McClure is the severest of poets, an American Hölderlin, and Ghost Tantras shows us the unexpectedly beautiful things that poetry can do when it is pressed against and beyond its rational limits. Beast language is a cognate of nonknowing, though it remains sheer promise. Ultimately, Ghost Tantras stands as a historical marker of the radical courage and passion of McClure and his generation, and it is perhaps time for that message to be heard, without understanding, once again.
Housten Donham is a poet and critic. He lives in the SF Bay Area. He sometimes updates his tumblr (elkrunningfromwolves.tumblr.com).
September 16th, 2013 / 11:00 am
I was furious with Ali Liebegott for writing a novel. We’d lost another poet to the tyranny of fiction. But really, we gained Ali’s careful witness to luck, desperation, and desire, now turned to the queer project of making a world.
Gaines and losses are perhaps apt metaphors for Cha-Ching!, Liebegott’s latest work, in which gambling figures as a central theme. But for Theo, its main character, gambling is about more than fortunes. Gambling is a currency of hope.
Fuck reviewers citing “universal” concerns that appeal to “general” audiences. This character is a self-made, self-secure “sirma’amsir,” and an appealing one. Always on the brink. Of going broke, of drinking again, of saying the wrong thing to the right lover.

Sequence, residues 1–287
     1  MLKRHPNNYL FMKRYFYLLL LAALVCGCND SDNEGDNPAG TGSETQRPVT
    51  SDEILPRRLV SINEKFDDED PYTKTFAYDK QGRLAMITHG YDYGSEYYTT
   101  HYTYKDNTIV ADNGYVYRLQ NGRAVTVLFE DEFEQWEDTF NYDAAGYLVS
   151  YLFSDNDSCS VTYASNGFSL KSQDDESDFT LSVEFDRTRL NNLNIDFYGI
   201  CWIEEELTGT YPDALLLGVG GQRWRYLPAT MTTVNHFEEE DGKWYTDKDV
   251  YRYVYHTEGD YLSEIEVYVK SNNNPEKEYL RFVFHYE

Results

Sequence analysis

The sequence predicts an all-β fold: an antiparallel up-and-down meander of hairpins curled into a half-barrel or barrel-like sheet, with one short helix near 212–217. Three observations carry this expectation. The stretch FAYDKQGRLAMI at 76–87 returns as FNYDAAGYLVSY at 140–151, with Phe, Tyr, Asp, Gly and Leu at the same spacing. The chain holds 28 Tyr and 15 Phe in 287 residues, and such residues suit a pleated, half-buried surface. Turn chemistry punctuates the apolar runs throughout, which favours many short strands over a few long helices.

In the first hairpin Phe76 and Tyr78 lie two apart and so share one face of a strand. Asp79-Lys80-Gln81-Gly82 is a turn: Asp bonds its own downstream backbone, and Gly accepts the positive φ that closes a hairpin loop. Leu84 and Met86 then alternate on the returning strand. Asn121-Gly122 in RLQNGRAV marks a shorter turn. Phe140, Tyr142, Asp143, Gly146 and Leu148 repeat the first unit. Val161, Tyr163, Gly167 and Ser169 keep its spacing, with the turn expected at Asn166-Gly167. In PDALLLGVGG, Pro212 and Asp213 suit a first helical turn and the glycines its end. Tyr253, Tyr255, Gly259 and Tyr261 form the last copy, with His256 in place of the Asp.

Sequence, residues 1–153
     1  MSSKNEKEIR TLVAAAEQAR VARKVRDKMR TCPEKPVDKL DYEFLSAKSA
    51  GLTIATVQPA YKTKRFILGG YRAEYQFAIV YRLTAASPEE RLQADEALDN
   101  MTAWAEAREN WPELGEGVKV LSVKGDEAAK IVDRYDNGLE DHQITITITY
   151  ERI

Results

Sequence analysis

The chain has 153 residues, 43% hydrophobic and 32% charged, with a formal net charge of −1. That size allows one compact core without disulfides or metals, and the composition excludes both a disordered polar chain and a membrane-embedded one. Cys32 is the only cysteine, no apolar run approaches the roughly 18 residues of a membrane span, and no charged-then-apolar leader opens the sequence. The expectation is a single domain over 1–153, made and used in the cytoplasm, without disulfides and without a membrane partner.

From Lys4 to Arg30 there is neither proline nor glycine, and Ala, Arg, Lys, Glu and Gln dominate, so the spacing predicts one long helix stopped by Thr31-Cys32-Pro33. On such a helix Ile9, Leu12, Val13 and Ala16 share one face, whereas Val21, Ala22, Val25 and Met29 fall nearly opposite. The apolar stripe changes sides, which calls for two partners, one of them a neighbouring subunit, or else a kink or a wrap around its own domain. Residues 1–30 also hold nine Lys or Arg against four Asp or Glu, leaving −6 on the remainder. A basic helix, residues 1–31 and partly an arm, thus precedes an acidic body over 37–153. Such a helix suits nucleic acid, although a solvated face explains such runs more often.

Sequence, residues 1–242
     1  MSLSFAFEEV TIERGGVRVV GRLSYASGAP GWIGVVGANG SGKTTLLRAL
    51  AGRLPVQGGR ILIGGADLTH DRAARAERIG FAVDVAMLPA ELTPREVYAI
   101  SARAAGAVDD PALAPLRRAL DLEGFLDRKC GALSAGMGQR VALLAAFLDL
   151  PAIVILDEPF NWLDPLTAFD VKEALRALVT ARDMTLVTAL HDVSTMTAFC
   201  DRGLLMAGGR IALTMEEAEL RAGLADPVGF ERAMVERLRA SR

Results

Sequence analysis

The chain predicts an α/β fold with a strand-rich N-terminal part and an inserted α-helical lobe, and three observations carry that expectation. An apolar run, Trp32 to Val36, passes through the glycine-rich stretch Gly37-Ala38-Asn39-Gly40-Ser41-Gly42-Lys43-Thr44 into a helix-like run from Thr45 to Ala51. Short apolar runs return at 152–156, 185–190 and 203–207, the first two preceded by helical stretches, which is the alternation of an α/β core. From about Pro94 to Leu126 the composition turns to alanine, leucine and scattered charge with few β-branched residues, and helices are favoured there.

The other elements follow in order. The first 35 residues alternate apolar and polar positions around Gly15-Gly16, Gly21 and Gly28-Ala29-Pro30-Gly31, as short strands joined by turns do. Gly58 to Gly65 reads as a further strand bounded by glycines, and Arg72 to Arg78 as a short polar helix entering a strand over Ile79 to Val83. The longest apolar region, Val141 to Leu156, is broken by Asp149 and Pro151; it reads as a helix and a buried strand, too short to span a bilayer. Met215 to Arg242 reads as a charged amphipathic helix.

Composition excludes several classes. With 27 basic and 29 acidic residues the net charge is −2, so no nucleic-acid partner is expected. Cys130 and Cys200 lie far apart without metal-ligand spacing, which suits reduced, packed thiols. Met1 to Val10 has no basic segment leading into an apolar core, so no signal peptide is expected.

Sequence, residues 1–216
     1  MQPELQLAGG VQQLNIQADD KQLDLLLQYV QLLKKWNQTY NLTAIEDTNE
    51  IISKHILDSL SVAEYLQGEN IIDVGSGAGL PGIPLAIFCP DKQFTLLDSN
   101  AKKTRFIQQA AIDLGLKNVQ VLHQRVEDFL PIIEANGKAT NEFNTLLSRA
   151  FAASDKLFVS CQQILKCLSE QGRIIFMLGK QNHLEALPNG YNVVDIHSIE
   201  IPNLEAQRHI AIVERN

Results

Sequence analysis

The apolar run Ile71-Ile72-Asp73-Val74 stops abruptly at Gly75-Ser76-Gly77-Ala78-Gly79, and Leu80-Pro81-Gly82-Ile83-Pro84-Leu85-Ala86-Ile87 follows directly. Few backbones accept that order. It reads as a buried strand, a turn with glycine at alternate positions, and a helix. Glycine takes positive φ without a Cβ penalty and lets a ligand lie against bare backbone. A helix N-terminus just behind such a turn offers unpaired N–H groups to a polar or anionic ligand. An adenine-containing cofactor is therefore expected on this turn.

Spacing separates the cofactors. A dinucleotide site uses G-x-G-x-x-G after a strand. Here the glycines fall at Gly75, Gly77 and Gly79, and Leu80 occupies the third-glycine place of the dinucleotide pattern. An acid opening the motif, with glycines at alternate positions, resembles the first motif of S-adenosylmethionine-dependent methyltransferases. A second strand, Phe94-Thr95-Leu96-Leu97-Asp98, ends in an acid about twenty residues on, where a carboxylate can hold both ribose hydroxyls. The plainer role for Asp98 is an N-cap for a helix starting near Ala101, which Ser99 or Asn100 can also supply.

Cha-Ching! is an addiction story without recourse to self-help and redemption. It’s a romance built not from exchanging vows, but traumas, drugs, and fluids. You had me at the puke on my sheets. The characters are always making something out of nothing—a dime into a jackpot, a shitty apartment into a home, a blank sky into a declaration of love. It’s gruesome. It’s hilarious. It’d make a puppet out of the hardest of hearts.
I caught Liebegott in the middle of her Sister Spit tour to ask her about her many obsessions. When her tourmates weren’t asking her for keys to the van she was driving, this is what happened:
TJR: If you had the choice to make out with Dostoyevsky or Van Gogh, who would you pick?
AL: I think Van Gogh, but that might be ageist, because I think I’ve only ever seen portraits of Dostoyevsky as a balding man. Van Gogh had really bed teeth, right? I think Van Gogh, although they both seem like terrible problematic relationships, so either would do. It’s tough. But probably Van Gogh.
May 10th, 2013 / 11:00 am
When I left Seattle and went to grad school in Los Angeles at the end of the 1990’s, I read Benedict Anderson’s Imagined Communities and it changed my life. It gave me a framework to understand the searing misunderstandings going on in the feminist self-defense collective I had been pouring my heart and soul into since we came together in response to the rape and murder of our friend Mia Zapata. Some of us in the collective became best friends while others of us could barely speak to each other without spitting. Sisterhood was powerful but it was also alienating. Any unified identity as a community, the word we used to describe who we were and who we felt accountable to, was absolutely imagined.